A lot of Democrats/progressives in Oregon consider the just-completed 2016 legislative session to have been a success.
But in my view the passage of HB 4040, which aligns our state with science-denying, anti-environment right-wing extremism that I'd hoped would be confined to Congressional craziness, is a huge negative that takes away from the positive steps taken: increasing Oregon's minimum wage, eliminating coal as an energy source, promoting more affordable housing.
Here's how the Center for Biological Diversity describes the bill, which awaits Governor Brown's signature.
The Oregon Legislature passed a bill tonight ratifying the delisting of wolves in Oregon and effectively preempting the right to any legal challenge. The 17-11 Senate vote to pass HB 4040 follows the bill’s passage in the House two weeks ago. The bill was introduced by Republican proponents of delisting on behalf of the livestock and sports-hunting industries seeking to block judicial review of the Oregon Fish and Wildlife Commission’s illegal wolf-delisting decision last November.
There's so much not to like here.
(1) Ratifying the delisting of wolves in Oregon. This was a highly controversial action by the Fish and Wildlife Commission -- taking wolves off the list of endangered species in Oregon. As the Center for Biological Diversity points out:
In November 2015 the Fish and Wildlife Commission voted 4 to 2 to strip gray wolves of state endangered species act protections, despite having received comment letters from 25 leading scientists noting significant disagreement with delisting, and 10,000 public comments, 96 percent of which opposed the delisting.
(2) Preempting the right to any legal challenge. HB 4040 fulfills the dream of irrational wolf haters. It made wolf management in Oregon a political matter, rather than a policy issue founded on solid scientific facts and judicial review.
In December the Center for Biological Diversity, Cascadia Wildlands and Oregon Wild filed a legal challenge to the commission’s decision. Shortly after the 2016 session of the Oregon Legislature convened earlier this month, bills were introduced by Senate and House Republicans to ratify the commission’s decision in order to block judicial review of the delisting decision.
(3) The 17-11 Senate vote...introduced by Republican proponents. Oregonians have elected Democrats to lead our state and reflect our values. So how did an anti-wolf bill pass, given the strong support for environmental protections in Oregon?
Because HB 4040 was a legislative "bone" thrown out to Republicans as part of session deal-making. Meaning, Democrats knew it was substantively a bad bill, but politically some D's felt inclined to vote for it.
In the end, the bill passed with about two-thirds Republican votes, even though Democrats have majorities in both houses of the legislature. In the Senate, 11 R's and 6 D's voted yes; in the House, 23 R's and 10 D's voted yes.
Editorial page editor Dick Hughes wrote in the Statesman Journal:
Republicans showed they had the parliamentary wits to tie the Senate in knots. R's saw themselves as stacking against the D's hijacking of the legislative session. D's see the R's as hijacking the legislative process. Finally, both sides agreed to session-ending compromise.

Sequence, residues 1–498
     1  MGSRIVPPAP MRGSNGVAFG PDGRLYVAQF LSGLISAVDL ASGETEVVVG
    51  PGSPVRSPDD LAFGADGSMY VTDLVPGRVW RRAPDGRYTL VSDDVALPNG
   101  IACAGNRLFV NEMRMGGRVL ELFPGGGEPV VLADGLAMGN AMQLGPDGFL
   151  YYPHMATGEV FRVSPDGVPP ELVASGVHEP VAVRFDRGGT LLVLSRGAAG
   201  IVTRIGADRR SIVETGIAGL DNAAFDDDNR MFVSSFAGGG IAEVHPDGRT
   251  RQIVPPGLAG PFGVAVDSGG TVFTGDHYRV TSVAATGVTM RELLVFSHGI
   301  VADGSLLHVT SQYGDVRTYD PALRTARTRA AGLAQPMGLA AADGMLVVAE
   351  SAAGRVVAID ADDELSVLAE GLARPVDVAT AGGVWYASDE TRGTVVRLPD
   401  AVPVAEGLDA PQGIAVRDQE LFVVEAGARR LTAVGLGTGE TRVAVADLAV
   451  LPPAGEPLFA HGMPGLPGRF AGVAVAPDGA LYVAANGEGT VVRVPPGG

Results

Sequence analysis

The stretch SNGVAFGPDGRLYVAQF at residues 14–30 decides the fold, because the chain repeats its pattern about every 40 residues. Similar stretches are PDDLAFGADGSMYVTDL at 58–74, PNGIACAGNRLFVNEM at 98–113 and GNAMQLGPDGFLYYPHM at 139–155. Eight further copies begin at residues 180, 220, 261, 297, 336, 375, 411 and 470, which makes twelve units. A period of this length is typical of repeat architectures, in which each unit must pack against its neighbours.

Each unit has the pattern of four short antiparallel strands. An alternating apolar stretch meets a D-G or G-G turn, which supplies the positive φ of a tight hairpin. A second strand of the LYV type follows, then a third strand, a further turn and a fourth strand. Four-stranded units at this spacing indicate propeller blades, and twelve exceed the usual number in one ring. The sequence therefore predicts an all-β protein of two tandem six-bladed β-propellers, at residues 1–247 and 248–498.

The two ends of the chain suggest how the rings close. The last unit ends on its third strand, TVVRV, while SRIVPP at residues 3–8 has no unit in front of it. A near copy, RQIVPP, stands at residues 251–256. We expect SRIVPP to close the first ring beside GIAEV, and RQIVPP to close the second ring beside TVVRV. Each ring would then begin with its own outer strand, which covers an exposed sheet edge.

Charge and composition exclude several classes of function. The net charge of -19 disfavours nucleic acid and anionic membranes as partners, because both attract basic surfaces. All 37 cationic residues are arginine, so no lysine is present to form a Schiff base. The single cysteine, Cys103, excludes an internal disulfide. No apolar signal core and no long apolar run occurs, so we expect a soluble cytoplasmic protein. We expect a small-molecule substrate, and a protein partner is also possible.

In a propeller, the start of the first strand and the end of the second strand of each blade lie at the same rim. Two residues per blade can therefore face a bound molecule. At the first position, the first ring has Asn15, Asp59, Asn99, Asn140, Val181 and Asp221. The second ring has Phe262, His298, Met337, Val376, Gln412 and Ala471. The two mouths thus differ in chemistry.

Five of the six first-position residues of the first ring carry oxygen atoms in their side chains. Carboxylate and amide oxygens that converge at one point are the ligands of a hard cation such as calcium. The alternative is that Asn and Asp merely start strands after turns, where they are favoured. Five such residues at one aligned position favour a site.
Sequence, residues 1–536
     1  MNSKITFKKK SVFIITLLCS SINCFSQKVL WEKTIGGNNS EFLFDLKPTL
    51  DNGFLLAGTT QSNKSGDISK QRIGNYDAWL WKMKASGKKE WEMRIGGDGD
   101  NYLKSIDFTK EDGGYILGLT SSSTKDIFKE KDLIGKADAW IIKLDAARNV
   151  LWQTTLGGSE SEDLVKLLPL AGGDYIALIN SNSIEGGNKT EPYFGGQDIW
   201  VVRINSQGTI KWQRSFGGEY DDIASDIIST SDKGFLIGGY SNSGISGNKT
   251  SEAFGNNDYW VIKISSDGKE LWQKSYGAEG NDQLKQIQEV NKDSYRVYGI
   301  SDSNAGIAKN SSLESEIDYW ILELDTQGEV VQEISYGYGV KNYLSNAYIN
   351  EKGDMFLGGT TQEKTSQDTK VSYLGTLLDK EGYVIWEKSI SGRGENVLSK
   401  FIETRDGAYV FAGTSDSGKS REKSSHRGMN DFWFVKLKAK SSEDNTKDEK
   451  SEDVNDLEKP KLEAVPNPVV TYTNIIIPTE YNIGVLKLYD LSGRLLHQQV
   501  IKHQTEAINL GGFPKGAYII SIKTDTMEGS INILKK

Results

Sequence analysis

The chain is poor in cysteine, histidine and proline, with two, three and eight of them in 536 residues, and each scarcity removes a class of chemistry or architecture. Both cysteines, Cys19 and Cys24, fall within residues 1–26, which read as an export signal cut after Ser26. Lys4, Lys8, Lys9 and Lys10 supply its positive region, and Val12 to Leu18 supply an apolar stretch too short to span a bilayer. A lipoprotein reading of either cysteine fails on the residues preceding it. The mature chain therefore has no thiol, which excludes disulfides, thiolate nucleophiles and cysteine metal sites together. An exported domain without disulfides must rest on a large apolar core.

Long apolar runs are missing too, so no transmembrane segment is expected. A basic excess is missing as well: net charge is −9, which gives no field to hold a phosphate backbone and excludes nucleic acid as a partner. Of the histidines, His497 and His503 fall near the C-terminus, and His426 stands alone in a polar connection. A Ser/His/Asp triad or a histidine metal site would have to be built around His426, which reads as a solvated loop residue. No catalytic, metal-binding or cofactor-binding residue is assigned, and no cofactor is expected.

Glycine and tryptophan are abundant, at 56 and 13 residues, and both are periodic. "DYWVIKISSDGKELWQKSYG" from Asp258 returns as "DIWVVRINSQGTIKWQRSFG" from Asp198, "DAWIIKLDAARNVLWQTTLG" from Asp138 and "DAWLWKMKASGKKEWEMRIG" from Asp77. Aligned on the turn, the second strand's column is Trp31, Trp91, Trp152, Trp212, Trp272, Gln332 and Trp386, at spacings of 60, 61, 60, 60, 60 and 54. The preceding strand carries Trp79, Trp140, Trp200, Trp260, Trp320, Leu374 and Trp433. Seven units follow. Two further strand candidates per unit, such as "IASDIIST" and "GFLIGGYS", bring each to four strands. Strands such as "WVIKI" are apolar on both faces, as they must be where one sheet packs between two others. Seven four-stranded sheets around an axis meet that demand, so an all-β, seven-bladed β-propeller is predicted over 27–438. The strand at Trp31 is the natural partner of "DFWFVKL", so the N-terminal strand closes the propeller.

Then came the wolf bill... the political symbolism was huge, which is why the Democratic leadership provided sufficient votes for the minority Republicans to pass House Bill 4040. The wolf bill was a chance to give Republicans a bone after they had been run over by high-profile Democratic legislation.
...HB 4040 is not good policy. But signing it would be good politics for Oregon.
Well, I disagree with Hughes (as I usually do). HB 4040 establishes a horrible precedent for this state.
If this bill becomes law, legislators can point to it as justification for ignoring facts/science when making other environmental decisions, and denying opponents of those decisions a right to challenge them judicially.
What if -- scary thought coming -- Republicans took over the Governorship along with both the state House and Senate? Then they pass a bill saying it is the official policy of the State of Oregon that human-caused global warming does not exist, and this (erroneous) conclusion can't be challenged in court.
They can point to HB 4040, should it be signed by Governor Brown, as a precedent that supports politicians making final decisions that, up to now, have been challengeable through our judicial system.
The wolf bill is bad for Oregon in many ways. Please urge Governor Brown to veto it.
Phone her at 503-378-4582. Email her via the Governor's web site.
Tell Brown you are opposed to HB 4040 both because it enshrines ill-considered wolf policy, and sets a dangerous precedent for ignoring science and cutting off the right of citizens to challenge state agency decisions in court.
If you need more convincing that HB 4040 is a bad idea, check out Quinn Read's opinion piece in the Oregonian, "Governor should veto anti-wolf bill."
Put simply, if Oregon wants to maintain its national leadership role in wolf conservation, Gov. Brown must veto this anti-wolf bill. She must show her constituents that Oregon's imperiled wildlife are not political bargaining chips and that decisions about wildlife management should be based on the best available science, not politics or the wishes of powerful special interests. A veto of this bill will allow Oregon's wildlife officials to get back to the real task at hand: ensuring robust protections are maintained for Oregon's fragile population as the wolf plan is updated.